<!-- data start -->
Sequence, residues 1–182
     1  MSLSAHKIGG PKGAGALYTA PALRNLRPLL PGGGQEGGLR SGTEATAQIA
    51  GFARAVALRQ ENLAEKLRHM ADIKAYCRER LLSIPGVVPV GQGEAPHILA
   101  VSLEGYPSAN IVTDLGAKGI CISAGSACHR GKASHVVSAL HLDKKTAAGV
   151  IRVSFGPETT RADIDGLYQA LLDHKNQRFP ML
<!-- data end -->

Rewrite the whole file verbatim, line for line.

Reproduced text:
Sequence, residues 1–182
     1  MSLSAHKIGG PKGAGALYTA PALRNLRPLL PGGGQEGGLR SGTEATAQIA
    51  GFARAVALRQ ENLAEKLRHM ADIKAYCRER LLSIPGVVPV GQGEAPHILA
   101  VSLEGYPSAN IVTDLGAKGI CISAGSACHR GKASHVVSAL HLDKKTAAGV
   151  IRVSFGPETT RADIDGLYQA LLDHKNQRFP ML